by Charles Mooney, Vice President of CM4RG. This article appeared in the Daily Pilot on August 17.
The Costa Mesa City Council held an emergency meeting on Aug. 9. According to Deputy City Attorney Kimberly Barlow, the meeting was needed because the ballot description that had been submitted to the Registrar of Voters on Aug. 1 did not include edits from the July 31 public meeting, when the City Council approved a supposedly final version of the charter and ballot description.
The biggest public concern at the meeting was the deletion, from the July 31 council-approved ballot description, of the words “and no-bid contracts permitted in certain cases for municipal.”
This deletion was of concern for two reasons. First, there was no change to the charter itself in this regard, and so the charter still allows for no-bid contracts.
Second, because most voters will only read the ballot description, and not the entire charter, before they vote, they would not know that the charter allows for no-bid contracts, which are viewed negatively by many people.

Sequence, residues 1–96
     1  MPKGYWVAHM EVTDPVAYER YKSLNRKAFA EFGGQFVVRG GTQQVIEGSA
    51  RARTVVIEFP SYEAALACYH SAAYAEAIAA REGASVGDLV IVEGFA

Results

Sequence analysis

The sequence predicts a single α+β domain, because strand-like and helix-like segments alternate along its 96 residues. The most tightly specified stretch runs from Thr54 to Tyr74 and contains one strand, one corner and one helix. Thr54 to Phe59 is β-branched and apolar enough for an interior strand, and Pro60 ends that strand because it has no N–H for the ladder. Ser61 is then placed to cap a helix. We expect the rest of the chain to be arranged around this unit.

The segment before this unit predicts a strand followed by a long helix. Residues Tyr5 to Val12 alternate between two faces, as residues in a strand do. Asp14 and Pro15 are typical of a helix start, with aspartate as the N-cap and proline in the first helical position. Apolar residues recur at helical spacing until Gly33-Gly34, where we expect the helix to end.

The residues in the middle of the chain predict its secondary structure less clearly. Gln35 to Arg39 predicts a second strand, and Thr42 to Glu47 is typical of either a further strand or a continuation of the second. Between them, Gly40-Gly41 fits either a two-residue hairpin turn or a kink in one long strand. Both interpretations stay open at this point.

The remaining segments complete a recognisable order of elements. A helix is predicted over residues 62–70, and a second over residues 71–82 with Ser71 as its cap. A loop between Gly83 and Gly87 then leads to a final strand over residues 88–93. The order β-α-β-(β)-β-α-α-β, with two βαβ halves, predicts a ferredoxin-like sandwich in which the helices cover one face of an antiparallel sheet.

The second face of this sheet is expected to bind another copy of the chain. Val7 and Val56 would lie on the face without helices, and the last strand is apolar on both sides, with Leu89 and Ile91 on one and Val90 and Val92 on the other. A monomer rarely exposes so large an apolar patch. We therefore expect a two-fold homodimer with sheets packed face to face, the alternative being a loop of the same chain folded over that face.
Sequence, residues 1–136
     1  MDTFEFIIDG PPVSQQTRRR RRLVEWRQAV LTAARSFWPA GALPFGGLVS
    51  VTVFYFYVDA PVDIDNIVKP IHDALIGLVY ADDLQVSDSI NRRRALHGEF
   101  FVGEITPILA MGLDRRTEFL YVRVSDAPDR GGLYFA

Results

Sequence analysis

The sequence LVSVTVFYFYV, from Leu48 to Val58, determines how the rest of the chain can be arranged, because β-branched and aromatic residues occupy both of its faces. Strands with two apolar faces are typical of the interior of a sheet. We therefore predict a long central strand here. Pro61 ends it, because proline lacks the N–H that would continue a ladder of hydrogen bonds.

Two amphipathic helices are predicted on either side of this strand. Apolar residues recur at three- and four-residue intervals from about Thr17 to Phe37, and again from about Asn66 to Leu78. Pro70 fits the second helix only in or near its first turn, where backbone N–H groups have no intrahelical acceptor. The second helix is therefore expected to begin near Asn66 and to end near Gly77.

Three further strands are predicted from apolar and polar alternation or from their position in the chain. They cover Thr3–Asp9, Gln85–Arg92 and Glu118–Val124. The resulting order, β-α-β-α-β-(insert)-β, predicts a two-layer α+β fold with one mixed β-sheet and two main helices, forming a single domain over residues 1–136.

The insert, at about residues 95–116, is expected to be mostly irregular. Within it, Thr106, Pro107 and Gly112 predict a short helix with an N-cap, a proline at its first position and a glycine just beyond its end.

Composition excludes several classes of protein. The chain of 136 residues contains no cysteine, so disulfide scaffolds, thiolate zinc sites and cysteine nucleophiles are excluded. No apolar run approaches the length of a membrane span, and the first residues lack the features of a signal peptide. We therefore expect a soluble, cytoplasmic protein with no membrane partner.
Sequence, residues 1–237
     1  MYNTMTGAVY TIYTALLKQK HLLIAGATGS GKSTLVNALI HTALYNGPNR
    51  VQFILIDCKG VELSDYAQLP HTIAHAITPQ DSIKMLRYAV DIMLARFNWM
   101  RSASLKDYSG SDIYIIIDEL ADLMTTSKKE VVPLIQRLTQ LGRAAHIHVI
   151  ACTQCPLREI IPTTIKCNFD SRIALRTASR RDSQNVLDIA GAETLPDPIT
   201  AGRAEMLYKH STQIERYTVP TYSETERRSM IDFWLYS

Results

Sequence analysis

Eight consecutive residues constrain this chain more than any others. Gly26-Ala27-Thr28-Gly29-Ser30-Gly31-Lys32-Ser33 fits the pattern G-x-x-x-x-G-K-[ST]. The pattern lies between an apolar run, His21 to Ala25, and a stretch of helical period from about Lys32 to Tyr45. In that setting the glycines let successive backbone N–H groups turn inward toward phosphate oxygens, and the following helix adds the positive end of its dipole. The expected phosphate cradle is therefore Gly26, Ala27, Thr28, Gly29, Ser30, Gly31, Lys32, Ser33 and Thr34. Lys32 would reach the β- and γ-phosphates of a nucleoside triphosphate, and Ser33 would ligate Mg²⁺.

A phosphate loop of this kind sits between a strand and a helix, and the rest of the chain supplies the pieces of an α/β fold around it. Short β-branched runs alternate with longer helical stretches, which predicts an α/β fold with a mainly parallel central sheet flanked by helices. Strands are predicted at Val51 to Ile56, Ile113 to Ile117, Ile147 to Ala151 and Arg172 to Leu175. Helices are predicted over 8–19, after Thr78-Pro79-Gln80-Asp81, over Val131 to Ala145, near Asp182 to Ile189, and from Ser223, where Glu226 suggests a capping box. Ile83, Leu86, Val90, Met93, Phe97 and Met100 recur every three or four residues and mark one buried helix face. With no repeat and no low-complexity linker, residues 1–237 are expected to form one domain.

Later in the meeting, Barlow surprisingly said that the ballot description submitted on Aug. 1 did not contain the no-bid contract language. She said she didn’t know how this happened.
I got the Aug. 1 ballot description submission from the registrar and confirmed that the no-bid contracts wording had already been removed. So this means that what was voted on July 31 was not what was submitted to the registrar on Aug. 1. Assuming this was not intentional, this is yet another significant mistake. (Remember the missed filing deadline for putting the charter on the June ballot.)
The council apparently knows that the no-bid contracts allowed by the charter will be viewed negatively by voters, who may vote against it for that reason. As a result, they have removed the words from the one document that is most likely to be read by voters.
In the last part of the meeting Mayor Pro Tem Jim Righeimer asked Public Services Director Ernesto Munoz some leading questions about no bid contracts. The questions and answers attempted to confuse the issue by explaining that so called no-bid contracts currently undergo an informal bidding process. This discussion did nothing to alter the fact that the proposed charter allows for truly no-bid contracts.
Considering all of the above, can we really trust these councilmen to be honest with the residents of Costa Mesa about the proposed city charter and to effectively manage the city?
I think not. In November, I suggest we replace the incumbents involved in this mess and we put an end to this risky and error-prone charter by voting no on charter Measure V.